News that the controversial head of football’s governing body in Wales may be on the verge of being sacked, puts centre stage past controversies about him and the sport, which have been revealed by The Eye.
Jonathan Ford was the subject of a vote of no confidence passed by the Football Association of Wales (FAW) council on Monday.
It is understood he has been placed on gardening leave with meetings taking place which could lead to his departure.
A number of issues are behind discontent with Mr Ford, with the direction of the association among what one source has described as “multiple” matters of grievance.
But earlier grievances about Mr Ford’s behaviour, along with those concerning his organisation, were reported by our journalists many months ago.
On June 30 we showed how the former director of one club in Wales called on him to resign, after he and other angry Welsh football fans received no substantive response from the FAW about “extremist Welsh nationalist groups ‘tagging on’ to the Wales national football team on social media”, and that he had been told about a controversial supporters’ brass band, which denied calling a politician a “lying cunt” online even though The Eye found the evidence.
On May 27 of the previous year the fan had followed up his earlier demand for action from the FAW by telling them: “I have continued to experience harassment from certain groups… Can you please respond to the concerns?”.
In documents we have seen, a reply from the FAW was simply: “I have not discussed fully with Jonathan Ford. When I returned from holiday he went away on his…I have followed up on the issues raised but need to talk to Jonathan first.”
Yet this is not the first time that Mr Ford or his organisation have hit the headlines.
In a BBC Sport Wales interview Mr Ford had said: “We have always favoured Welsh people because arguably the passion is there.
“Somebody said this earlier, Welsh most definitely, foreign possibly but definitely not English.”
In December of 2019 the angry football fan also outlined to the FAW a series of problematic issues: “The Barry Horns have had their official Twitter account shut down for foul and abusive behaviour, and repeated violations of Twitter’s terms and conditions. They then set up another account, which was shut down within a week.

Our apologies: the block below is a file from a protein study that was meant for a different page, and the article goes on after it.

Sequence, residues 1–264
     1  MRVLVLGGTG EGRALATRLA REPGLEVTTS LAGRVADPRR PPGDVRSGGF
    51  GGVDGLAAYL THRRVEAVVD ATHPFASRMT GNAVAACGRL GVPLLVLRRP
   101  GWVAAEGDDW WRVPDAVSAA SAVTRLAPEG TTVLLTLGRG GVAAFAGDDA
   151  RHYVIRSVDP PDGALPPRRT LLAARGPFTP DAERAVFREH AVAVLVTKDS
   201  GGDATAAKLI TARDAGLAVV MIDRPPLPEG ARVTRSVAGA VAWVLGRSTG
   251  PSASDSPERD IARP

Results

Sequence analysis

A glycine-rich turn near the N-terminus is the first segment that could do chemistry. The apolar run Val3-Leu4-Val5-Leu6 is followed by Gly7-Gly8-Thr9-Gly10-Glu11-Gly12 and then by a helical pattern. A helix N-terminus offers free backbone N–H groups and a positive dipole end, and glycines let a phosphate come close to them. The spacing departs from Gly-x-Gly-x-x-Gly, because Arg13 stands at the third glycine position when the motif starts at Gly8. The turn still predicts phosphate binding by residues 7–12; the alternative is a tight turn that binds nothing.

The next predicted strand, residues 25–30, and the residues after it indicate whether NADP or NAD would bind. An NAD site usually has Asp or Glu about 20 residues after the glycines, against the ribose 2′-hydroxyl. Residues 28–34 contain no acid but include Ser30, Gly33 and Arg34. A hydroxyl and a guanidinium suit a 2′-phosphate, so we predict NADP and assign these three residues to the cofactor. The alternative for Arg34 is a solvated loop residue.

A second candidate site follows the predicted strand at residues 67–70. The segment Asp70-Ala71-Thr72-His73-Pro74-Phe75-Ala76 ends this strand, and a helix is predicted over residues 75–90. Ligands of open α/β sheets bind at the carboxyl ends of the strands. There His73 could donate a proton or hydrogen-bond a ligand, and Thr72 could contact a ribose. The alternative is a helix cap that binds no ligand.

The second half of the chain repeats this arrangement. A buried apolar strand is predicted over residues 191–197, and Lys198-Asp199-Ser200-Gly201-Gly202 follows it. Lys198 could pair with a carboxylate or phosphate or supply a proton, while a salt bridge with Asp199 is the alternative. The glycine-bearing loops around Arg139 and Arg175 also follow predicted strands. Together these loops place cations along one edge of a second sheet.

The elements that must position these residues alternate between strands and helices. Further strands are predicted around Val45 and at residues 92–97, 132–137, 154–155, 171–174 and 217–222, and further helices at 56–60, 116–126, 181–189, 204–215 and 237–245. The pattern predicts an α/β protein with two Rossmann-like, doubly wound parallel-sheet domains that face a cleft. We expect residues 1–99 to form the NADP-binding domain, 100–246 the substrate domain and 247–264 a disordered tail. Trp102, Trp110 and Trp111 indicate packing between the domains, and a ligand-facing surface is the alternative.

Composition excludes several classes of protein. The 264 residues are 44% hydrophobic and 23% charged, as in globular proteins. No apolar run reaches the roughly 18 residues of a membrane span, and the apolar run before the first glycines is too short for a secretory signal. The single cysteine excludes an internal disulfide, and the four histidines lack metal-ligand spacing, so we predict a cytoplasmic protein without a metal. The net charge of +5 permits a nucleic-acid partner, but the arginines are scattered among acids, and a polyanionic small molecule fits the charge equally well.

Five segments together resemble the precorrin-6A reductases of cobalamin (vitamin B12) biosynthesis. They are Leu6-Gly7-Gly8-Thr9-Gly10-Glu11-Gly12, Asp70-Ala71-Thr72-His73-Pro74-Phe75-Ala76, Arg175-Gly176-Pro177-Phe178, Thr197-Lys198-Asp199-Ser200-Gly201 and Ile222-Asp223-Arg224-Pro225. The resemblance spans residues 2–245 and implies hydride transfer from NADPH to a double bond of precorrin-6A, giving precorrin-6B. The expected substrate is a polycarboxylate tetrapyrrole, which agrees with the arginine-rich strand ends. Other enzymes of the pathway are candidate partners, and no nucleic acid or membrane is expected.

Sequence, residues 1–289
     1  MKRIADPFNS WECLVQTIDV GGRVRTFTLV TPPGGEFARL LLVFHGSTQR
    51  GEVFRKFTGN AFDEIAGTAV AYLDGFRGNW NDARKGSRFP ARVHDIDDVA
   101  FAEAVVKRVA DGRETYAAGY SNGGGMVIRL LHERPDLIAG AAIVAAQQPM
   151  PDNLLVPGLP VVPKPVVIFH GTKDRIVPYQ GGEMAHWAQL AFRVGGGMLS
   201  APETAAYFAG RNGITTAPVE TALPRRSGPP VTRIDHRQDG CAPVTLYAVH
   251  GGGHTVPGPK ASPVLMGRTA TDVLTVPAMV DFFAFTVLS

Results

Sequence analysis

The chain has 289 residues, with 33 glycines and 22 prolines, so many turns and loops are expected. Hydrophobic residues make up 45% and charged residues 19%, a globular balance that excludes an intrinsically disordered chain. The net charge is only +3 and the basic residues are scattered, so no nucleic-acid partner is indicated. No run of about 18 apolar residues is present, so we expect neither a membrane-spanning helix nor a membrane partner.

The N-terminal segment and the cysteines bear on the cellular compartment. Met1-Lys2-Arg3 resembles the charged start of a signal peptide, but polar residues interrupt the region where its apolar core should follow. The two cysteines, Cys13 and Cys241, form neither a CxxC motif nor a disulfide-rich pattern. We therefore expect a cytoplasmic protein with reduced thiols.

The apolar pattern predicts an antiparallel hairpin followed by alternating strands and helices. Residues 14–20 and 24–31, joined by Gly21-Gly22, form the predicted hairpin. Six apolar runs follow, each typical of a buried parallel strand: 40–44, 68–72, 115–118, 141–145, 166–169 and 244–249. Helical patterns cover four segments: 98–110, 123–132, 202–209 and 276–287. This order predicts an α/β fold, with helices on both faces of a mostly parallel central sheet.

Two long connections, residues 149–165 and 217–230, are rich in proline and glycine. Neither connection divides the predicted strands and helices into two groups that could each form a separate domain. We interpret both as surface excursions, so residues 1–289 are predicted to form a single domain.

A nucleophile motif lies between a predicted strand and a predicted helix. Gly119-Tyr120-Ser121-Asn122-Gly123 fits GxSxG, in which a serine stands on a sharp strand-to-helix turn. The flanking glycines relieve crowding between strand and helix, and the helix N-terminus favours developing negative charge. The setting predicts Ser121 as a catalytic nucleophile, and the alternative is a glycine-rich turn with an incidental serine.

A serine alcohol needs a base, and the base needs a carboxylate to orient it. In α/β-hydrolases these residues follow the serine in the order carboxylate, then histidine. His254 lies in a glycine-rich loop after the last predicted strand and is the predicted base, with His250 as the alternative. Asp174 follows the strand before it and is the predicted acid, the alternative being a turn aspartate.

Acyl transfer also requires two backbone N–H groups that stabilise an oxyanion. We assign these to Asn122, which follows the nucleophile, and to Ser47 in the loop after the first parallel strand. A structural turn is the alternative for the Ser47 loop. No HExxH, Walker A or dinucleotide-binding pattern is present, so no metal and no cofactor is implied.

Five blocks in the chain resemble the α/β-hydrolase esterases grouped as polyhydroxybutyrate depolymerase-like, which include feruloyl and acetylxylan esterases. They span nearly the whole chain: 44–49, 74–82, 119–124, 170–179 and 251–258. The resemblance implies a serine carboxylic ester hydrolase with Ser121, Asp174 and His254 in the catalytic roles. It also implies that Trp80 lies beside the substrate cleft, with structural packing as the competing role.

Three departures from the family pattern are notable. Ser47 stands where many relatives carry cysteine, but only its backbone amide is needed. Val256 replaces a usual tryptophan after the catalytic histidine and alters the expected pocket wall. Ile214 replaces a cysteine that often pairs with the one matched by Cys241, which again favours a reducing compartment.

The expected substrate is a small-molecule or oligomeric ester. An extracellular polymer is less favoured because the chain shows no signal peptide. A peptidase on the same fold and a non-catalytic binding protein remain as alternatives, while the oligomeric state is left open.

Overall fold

- A group calling itself ‘Welsh Football Fans for Independence’ held a march from Womanby St to the Cardiff City Stadium before the last home game. They were setting off flares and singing foul-mouthed chants about the Union Flag (Union Jack).
- Large stickers have appeared on lamp posts, post boxes etc around South Wales (and possibly North Wales) from ‘Welsh Football Fans for Independence’. The stickers contain the FAW emblem (albeit the old one).
- The FAW’s stadium announcer, Rhydian Bowen Phillips, has publicly called for the reinstatement of The Barry Horns on Twitter and has endorsed Welsh Football Fans for Independence.
- There were banners endorsing Welsh independence at the stadium during the most recent Wales home international.”
But the FAW have been at the centre of a storm of controversies before, and earlier issues have included further accusations that officials have failed to do anything about extremist ‘supporter’ groups and The Barry Horns.
Another outraged fan has also asked in the past: “I would like to know what the FAW position is on the Barry Horns who having affiliated themselves to South Wales football now appear to have adopted an aggressive political agenda.
“Some of their language on Twitter is worse than I have ever endured on football terraces. Is this the sort of agenda the FAW condone?”, and action was demanded from the FAW.
Neither, though, have received a reply.
The ‘Tory bastard’ comment was hurled by The Barry Horns on Twitter at the then UK Health Secretary Jeremy Hunt.
The band were barred from the social media outlet following remarks like this, and after the ban was lifted said that they were “beautiful”, yet serious questions have been raised about this contentious decision.